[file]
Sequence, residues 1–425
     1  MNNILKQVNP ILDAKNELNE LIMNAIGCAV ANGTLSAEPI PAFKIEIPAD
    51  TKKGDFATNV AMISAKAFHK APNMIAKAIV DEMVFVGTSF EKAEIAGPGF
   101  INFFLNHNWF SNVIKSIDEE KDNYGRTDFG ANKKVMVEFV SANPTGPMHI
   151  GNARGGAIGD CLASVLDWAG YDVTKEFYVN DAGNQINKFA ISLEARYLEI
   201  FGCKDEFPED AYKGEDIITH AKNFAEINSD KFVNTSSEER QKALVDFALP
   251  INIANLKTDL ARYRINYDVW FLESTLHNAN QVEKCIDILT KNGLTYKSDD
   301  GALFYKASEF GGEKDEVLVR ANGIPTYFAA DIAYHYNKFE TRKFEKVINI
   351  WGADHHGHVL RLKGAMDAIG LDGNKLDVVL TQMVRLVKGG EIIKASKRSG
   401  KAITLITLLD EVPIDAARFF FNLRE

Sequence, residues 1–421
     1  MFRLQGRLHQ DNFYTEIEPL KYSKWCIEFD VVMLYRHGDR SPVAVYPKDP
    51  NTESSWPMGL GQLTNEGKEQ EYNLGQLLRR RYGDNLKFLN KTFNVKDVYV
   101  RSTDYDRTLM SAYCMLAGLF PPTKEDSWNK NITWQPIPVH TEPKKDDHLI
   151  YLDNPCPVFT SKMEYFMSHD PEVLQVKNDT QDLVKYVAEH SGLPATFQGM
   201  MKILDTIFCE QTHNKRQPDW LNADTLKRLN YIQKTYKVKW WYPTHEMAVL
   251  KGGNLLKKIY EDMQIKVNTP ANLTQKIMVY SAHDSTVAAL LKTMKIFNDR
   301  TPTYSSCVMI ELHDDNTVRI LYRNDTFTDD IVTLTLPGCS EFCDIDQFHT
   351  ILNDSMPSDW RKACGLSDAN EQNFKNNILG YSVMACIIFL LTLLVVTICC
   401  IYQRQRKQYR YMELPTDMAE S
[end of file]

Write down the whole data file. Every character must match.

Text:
Sequence, residues 1–425
     1  MNNILKQVNP ILDAKNELNE LIMNAIGCAV ANGTLSAEPI PAFKIEIPAD
    51  TKKGDFATNV AMISAKAFHK APNMIAKAIV DEMVFVGTSF EKAEIAGPGF
   101  INFFLNHNWF SNVIKSIDEE KDNYGRTDFG ANKKVMVEFV SANPTGPMHI
   151  GNARGGAIGD CLASVLDWAG YDVTKEFYVN DAGNQINKFA ISLEARYLEI
   201  FGCKDEFPED AYKGEDIITH AKNFAEINSD KFVNTSSEER QKALVDFALP
   251  INIANLKTDL ARYRINYDVW FLESTLHNAN QVEKCIDILT KNGLTYKSDD
   301  GALFYKASEF GGEKDEVLVR ANGIPTYFAA DIAYHYNKFE TRKFEKVINI
   351  WGADHHGHVL RLKGAMDAIG LDGNKLDVVL TQMVRLVKGG EIIKASKRSG
   401  KAITLITLLD EVPIDAARFF FNLRE

Sequence, residues 1–421
     1  MFRLQGRLHQ DNFYTEIEPL KYSKWCIEFD VVMLYRHGDR SPVAVYPKDP
    51  NTESSWPMGL GQLTNEGKEQ EYNLGQLLRR RYGDNLKFLN KTFNVKDVYV
   101  RSTDYDRTLM SAYCMLAGLF PPTKEDSWNK NITWQPIPVH TEPKKDDHLI
   151  YLDNPCPVFT SKMEYFMSHD PEVLQVKNDT QDLVKYVAEH SGLPATFQGM
   201  MKILDTIFCE QTHNKRQPDW LNADTLKRLN YIQKTYKVKW WYPTHEMAVL
   251  KGGNLLKKIY EDMQIKVNTP ANLTQKIMVY SAHDSTVAAL LKTMKIFNDR
   301  TPTYSSCVMI ELHDDNTVRI LYRNDTFTDD IVTLTLPGCS EFCDIDQFHT
   351  ILNDSMPSDW RKACGLSDAN EQNFKNNILG YSVMACIIFL LTLLVVTICC
   401  IYQRQRKQYR YMELPTDMAE S